- Character: A relatable character the audience can empathize with is essential. Focus on a person or entity, not the product itself.
- Concrete Details: Use relatable, vivid details that transport the audience into the story. These details should trigger memories or emotions.
- Genuine Emotion: The story should carry emotional weight, making the audience emotionally invested in the outcome.
- Turning Point: A pivotal moment or change is crucial to avoid aimless storytelling.
The definition of a “good story” varies among experts. For instance, Donald Miller’s StoryBrand Framework focuses on guiding the audience towards taking specific actions. Daniel Pink emphasizes emotional impact, while others stress authenticity and emotional engagement.
Hall proposes a story structure with three phases: “the normal” (before), “the explosion” (change), and “the new normal” (after), emphasizing the importance of setting the stage for emotional investment.
The Four Core Stories
Kindra Hall introduces four core stories:
- Value Story: Used to increase sales or appeal to a new audience, it communicates that you have a solution to the audience’s problem, focusing on how your product or service enhances their lives.
- Customer Story: Told by customers, these authentic narratives provide credibility and can range from reviews to testimonials.
- Founder Story: Ideal for attracting investors, customers, or team members, it showcases what makes your company stand out by narrating the company’s origin and the person behind it.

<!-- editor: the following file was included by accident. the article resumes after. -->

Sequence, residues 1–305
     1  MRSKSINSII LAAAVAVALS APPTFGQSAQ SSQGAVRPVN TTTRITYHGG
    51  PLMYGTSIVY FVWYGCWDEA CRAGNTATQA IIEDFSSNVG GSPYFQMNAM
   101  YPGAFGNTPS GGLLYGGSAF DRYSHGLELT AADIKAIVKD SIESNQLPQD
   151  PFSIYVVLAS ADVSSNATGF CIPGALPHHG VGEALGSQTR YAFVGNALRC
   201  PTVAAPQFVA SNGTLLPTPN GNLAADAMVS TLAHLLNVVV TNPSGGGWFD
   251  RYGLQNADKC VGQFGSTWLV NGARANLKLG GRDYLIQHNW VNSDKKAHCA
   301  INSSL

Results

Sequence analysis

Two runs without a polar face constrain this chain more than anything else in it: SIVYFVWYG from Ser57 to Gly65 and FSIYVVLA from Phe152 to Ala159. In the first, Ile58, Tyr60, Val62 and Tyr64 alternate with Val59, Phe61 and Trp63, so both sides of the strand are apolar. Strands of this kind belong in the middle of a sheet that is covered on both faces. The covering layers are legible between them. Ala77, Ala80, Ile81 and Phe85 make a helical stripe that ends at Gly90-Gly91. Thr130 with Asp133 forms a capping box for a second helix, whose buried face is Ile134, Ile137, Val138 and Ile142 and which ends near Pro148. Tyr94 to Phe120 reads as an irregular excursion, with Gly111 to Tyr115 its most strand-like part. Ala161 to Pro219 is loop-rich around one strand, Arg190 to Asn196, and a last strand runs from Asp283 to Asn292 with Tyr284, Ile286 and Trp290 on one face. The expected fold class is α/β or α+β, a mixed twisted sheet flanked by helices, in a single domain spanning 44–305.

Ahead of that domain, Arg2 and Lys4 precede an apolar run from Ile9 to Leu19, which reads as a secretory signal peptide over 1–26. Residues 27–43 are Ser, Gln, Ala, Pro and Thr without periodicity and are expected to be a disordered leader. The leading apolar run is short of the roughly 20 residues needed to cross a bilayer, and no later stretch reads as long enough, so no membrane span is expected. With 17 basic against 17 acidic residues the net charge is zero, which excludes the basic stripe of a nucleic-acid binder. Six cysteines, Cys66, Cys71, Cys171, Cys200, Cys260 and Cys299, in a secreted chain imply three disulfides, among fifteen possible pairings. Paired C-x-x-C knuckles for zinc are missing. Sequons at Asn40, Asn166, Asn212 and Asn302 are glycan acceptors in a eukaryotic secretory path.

- Purpose Story: Anchored in your company’s mission and values, this story conveys the greater purpose your business serves.
It’s important to adapt your storytelling strategy based on the situation and audience, avoiding the Founder’s Story when it doesn’t align with your company’s image.
Effective storytelling enhances marketing, forging connections, and driving action, making it an invaluable tool in the business world.
The Purpose Story and Effective Story Selection
Kindra Hall introduces the final core story, the Purpose Story, which is valuable for uniting people around a shared vision. She emphasizes the importance of a vision that empowers everyone, not just those at the top.
A Purpose Story serves to align people around a common purpose in three ways:
- Shared Challenges: Reminds people of their shared humanity, builds trust, and opens doors for productive dialogue.
- Shared Values: Helps people understand and connect with the values guiding an organization or community.
- Shared Vision: Assists people in visualizing a shared goal or a better future.
Patagonia effectively uses these strategies, aligning people around a transcendent purpose, which neuroeconomist Paul Zak’s research suggests leads to deeper and more sustained motivation and commitment. This focus on a deeper purpose fosters brand loyalty by helping customers develop an identity around the company.
Selecting the right story for the right purpose involves considering the audience and the desired change. For example, to instill confidence in potential investors, tell the Founder’s Story, highlighting the resilience of the person behind the product. When speaking to customers, a Purpose Story can connect them to the deeper meaning of the company.
Collecting a bank of stories is essential for effective storytelling. Hall suggests brainstorming story ideas without judgment and gathering stories from various sources, including others. Everyone has stories worth sharing, and paying attention to stories happening around us can lead to powerful narratives.